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Kingdom restoration is at hand. The rebel forces have been defeated and Absalom has been killed. It is time for the various tribes of Israel to consider their response to receiving back into power the one who truly is their anointed king. Now is the time for David to demonstrate the effectiveness of his leadership. With many rival factions and thorny problems left over from the mess of civil war, David must make wise decisions to re-establish his authority and pull the kingdom back together.


(cf. my phrase about someone who is constantly sour: “He needs an Attitude Adjustment!” Here we find that David needs a “Perspective Adjustment!”)

A. (:1-3) Sweet Victory Turned Sour

1. (:1) Personal Loss Consumes David’s Focus

“Then it was told Joab, ‘Behold, the king is weeping and mourns for Absalom.”

2. (:2) People Unable to Enjoy Their Victory

“And the victory that day was turned to mourning for all the people, for the people heard it said that day, ‘The king is grieved for his son.’”

3. (:3) Public Celebration Replaced by Private Humiliation

“So the people went by stealth into the city that day, as people who are humiliated steal away when they flee in battle.”

B. (:4) Self Pity of David

“And the king covered his face and cried out with a loud voice, ‘O my son Absalom, O Absalom, my son, my son’”

C. (:5-7) Scathing Rebuke by Joab

1. (:5) The Charge – Ignoring Your Loyal Troops

“Then Joab came into the house to the king and said, ‘Today you have covered with shame the faces of all your servants, who today have saved your life and the lives of your sons and daughters, the lives of your wives, and the lives of your concubines’”

This should have been a time for great celebration and reward for those who had risked so much on David’s behalf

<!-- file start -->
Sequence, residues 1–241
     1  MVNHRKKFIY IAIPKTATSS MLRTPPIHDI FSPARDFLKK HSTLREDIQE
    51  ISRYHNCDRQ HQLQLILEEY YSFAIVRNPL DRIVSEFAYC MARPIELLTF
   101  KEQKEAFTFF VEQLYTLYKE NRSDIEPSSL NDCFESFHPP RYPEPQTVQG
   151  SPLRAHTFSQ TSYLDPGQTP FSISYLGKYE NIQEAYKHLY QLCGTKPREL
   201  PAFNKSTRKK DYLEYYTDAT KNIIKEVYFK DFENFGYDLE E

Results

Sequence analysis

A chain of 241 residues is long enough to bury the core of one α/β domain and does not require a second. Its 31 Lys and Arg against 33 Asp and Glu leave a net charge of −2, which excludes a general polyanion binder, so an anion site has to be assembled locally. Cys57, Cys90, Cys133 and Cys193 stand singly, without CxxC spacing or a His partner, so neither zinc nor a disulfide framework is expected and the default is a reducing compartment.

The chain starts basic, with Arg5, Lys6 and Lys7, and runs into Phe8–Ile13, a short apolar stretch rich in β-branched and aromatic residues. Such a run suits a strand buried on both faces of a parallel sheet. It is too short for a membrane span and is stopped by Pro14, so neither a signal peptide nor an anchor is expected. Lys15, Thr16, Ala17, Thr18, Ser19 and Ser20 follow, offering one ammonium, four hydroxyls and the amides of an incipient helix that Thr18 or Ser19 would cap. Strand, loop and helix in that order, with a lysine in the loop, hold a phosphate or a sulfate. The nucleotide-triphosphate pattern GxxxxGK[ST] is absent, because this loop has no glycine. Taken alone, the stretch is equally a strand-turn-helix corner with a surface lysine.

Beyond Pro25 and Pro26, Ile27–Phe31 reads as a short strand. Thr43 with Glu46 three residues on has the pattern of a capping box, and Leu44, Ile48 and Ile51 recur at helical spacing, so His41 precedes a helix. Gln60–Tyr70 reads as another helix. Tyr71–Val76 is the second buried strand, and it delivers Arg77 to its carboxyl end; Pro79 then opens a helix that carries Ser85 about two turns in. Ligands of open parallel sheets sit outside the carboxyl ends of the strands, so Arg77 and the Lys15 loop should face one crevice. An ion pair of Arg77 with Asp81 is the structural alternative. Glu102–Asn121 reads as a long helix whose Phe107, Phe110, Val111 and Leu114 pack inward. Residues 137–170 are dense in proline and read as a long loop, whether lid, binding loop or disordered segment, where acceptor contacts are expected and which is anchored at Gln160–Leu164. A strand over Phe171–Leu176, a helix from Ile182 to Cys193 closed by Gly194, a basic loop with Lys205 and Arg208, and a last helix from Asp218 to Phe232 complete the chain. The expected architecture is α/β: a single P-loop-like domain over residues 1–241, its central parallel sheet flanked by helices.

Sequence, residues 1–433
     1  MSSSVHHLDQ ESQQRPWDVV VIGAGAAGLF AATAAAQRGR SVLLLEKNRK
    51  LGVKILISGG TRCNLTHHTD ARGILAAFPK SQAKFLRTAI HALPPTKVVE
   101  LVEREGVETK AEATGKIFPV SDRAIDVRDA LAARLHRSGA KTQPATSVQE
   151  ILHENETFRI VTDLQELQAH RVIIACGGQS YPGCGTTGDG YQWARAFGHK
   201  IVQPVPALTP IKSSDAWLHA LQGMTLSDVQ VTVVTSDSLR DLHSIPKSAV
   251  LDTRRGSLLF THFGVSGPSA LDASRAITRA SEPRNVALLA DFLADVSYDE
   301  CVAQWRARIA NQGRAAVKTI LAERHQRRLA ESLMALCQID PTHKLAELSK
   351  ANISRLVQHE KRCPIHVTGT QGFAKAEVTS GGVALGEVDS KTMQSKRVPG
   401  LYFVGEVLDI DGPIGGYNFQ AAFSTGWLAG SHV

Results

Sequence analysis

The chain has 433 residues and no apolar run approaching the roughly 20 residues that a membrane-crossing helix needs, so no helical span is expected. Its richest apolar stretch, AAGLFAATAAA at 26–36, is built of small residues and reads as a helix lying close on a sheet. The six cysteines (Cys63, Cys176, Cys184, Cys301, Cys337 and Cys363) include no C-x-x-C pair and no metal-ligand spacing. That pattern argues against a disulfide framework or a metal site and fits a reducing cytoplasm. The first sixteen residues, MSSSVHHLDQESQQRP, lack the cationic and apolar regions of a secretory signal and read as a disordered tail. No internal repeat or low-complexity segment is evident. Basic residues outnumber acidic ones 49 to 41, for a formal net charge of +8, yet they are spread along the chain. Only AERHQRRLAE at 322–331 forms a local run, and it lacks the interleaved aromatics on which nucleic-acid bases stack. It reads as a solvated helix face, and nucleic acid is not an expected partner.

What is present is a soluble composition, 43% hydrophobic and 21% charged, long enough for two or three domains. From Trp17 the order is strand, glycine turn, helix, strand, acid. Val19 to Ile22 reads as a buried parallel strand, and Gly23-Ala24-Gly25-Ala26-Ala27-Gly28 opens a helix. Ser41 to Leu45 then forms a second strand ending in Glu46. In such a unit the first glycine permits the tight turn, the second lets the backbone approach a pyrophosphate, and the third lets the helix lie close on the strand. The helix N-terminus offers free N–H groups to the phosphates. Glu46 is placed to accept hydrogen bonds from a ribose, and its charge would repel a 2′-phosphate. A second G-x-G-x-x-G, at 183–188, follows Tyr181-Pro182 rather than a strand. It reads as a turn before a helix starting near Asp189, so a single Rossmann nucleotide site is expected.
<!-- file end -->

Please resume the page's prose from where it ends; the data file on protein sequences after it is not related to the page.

2. (:6) The Callousness – Insensitivity to Your Loyal Troops

“by loving those who hate you, and by hating those who love you. For you have shown today that princes and servants are nothing to you; for I know this day that if Absalom were alive and all of us were dead today, then you would be pleased.”

Deffinbaugh: David is wrong to instruct his commanders not to harm Absalom. Absalom should have died several times over. He should have died for the premeditated murder of Amnon, against the law. He should have died for his rebellion against his father (prior to this text). And he should have died for high treason, in seeking to kill God’s anointed king and appoint himself as king. How can David expect his army to fight against Absalom’s army and not fight against Absalom? As David once used his authority to condemn a righteous man (Uriah) to death, he now seeks to use his authority as king to keep a revolutionary from the death penalty he deserves. David’s perspective is completely messed up. It takes Joab’s sharp rebuke to bring him out of his mental stupor.

3. (:7) The Crisis – Irreversible Damage if David Fails to Act

“Now therefore arise, go out and speak kindly to your servants, for I swear by the Lord, if you do not go out, surely not a man will pass the night with you, and this will be worse for you than all the evil that has come upon you from your youth until now.”

D. (:8a) Strategic Access to the King